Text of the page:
[Help] [Newbie] Require help migrating from Perl to Python 2.7 (namespaces)
rantingrickjohnson at gmail.com
Wed Dec 26 01:19:21 CET 2012
On Tuesday, December 25, 2012 4:56:44 PM UTC-6, Steven D'Aprano wrote:
> Rick, what makes you think that this is logically inconsistent?
> "Method" is the accepted name for functions attached to classes. They
> report themselves as "methods":
> There are two built-ins for creating different types of method: the
> classmethod and staticmethod functions. If you don't think that these
> objects should be called "<adjective> method", then what do you think
> that they should be called?
I'm not arguing about against instance method/class method name convention, i am talking about instance variable/class variable; pay attention!
> On the other hand, the terms "instance variable" and "class variable" are
> logically inconsistent with other terminology. It is common practice,
> across dozens or hundreds of languages, to refer to variables by their
Variable have no "type", only the value of variable has a "type".
> (either as declared, in static-typed languages like C or Haskell, or
> as they are expected to hold a value in dynamic languages like Ruby and
> - an integer variable is a variable used to hold an integer;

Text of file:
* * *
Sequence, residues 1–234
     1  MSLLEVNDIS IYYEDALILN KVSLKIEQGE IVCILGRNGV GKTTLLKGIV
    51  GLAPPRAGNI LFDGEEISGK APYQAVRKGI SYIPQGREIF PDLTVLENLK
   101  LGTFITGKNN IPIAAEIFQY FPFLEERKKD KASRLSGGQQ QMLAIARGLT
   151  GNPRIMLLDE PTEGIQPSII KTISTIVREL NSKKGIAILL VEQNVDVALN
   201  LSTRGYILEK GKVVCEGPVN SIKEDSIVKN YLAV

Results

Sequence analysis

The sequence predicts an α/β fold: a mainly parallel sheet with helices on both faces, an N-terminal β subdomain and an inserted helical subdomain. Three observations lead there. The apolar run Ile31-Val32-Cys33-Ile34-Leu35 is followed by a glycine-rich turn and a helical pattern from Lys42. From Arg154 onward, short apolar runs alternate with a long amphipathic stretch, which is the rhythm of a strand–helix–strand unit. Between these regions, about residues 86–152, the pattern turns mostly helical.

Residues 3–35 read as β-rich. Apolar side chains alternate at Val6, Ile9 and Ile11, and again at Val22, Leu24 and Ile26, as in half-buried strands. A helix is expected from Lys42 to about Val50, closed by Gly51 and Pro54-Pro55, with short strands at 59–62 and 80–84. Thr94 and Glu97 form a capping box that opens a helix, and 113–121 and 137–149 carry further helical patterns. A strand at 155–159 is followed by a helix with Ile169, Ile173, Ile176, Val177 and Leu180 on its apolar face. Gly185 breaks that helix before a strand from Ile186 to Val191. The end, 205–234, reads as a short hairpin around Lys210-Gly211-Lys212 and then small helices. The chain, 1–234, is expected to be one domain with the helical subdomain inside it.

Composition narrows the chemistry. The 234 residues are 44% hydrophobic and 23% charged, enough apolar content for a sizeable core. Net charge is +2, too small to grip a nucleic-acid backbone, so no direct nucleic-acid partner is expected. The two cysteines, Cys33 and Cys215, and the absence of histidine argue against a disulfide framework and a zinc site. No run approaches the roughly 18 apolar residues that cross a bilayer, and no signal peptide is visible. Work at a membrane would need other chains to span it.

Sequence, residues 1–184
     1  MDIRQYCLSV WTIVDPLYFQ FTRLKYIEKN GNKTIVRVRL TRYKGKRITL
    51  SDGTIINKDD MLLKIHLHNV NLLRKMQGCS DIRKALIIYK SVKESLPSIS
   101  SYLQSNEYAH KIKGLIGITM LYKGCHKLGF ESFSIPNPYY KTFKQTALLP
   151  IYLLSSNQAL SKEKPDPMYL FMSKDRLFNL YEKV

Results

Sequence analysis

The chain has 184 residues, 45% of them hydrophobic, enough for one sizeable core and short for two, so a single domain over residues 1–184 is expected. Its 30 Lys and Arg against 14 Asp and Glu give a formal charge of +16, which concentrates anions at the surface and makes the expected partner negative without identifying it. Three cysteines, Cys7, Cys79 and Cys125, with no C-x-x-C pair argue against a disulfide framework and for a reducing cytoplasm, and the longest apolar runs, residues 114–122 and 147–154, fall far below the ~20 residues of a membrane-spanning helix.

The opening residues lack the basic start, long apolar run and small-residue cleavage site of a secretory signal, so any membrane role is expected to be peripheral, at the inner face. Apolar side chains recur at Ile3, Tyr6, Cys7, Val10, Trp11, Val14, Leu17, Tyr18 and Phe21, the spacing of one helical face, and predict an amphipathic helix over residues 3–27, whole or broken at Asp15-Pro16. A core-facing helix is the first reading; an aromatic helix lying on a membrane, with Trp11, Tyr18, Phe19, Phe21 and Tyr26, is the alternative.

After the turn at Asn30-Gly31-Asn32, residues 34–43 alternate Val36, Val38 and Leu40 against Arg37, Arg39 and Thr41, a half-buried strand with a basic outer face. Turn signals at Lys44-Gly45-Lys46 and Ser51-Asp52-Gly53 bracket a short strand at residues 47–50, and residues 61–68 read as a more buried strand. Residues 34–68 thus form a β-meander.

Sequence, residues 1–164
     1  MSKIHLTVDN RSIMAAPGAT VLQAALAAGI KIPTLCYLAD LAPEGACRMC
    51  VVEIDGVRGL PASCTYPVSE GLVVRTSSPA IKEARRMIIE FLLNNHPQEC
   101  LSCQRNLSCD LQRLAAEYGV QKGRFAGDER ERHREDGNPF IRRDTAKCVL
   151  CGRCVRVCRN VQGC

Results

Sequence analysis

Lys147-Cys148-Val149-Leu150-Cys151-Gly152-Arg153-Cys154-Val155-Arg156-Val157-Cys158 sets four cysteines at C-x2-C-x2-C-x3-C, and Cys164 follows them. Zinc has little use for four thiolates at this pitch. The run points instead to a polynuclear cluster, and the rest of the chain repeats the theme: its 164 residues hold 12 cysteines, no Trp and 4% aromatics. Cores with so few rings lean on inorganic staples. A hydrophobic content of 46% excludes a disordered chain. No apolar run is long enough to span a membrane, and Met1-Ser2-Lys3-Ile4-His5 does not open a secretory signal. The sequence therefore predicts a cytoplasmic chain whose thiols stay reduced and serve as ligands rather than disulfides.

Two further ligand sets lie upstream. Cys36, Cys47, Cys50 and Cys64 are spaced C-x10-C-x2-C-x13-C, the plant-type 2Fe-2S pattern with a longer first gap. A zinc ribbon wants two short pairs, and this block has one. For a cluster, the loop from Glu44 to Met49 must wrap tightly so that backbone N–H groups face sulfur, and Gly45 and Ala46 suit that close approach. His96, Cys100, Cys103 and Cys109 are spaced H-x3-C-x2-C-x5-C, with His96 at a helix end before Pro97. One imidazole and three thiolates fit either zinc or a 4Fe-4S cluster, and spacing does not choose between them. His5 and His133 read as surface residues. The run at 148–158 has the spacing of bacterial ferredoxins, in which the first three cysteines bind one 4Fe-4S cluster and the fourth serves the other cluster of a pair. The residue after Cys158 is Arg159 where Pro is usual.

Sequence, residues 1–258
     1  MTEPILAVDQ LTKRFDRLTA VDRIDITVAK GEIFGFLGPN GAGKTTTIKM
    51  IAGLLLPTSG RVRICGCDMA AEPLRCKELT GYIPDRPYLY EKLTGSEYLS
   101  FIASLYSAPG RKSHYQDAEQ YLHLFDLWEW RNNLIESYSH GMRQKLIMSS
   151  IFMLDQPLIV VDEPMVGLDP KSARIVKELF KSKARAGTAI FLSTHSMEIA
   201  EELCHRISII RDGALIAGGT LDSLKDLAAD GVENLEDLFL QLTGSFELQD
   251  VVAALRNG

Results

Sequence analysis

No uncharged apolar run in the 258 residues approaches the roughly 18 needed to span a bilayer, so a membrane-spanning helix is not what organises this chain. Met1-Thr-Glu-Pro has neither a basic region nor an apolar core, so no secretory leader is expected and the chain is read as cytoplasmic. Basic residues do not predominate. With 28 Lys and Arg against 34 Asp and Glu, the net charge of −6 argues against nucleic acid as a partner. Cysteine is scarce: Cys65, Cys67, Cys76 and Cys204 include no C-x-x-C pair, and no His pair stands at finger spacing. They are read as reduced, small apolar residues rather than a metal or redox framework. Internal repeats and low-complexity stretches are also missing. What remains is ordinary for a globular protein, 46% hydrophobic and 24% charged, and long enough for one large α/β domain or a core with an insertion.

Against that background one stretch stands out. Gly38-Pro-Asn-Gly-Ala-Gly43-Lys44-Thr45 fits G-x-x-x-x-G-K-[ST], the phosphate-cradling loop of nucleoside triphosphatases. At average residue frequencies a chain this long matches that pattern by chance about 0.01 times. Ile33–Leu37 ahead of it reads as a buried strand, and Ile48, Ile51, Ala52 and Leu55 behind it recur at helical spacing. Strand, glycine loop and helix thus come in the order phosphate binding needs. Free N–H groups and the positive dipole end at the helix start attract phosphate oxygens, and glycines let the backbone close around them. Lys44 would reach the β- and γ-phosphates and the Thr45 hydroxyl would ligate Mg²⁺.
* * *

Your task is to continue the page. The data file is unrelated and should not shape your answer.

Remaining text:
> - a string variable is a variable used to hold a string;
> - a float variable is a variable used to hold a float;
> - a boolean variable is be a variable used to hold a boolean;
> - for consistency, a class variable should be a variable used to
> hold a class, e.g.:
> classes = [bool, float, MyClass, Spam, Ham, AnotherClass]
> for cls in classes: # cls is a "class variable"
> print "The name of the class is", cls.__name__
> - and similarly for consistency an instance variable should be a
> variable holding some arbitrary instance. Since everything in an
> instance in Python, this last one is too general to be useful.
Your "last one"(sic) comment negates your whole argument of referring to variables by what type the variable references. Since EVERYTHING is an obj then ALL variables should be termed "instance variables" (that's going by your logic of course).
> Unfortunately people coming to Python from certain other languages,
> particularly Java, (mis)use "class variable" to mean something completely
Don't try to confuse us with your illogical ways, Lord Steven. Your sad devotion to that ancient hatred of java has not helped you conjure up logical terminology, or given you enough clairvoyance to find the truth...
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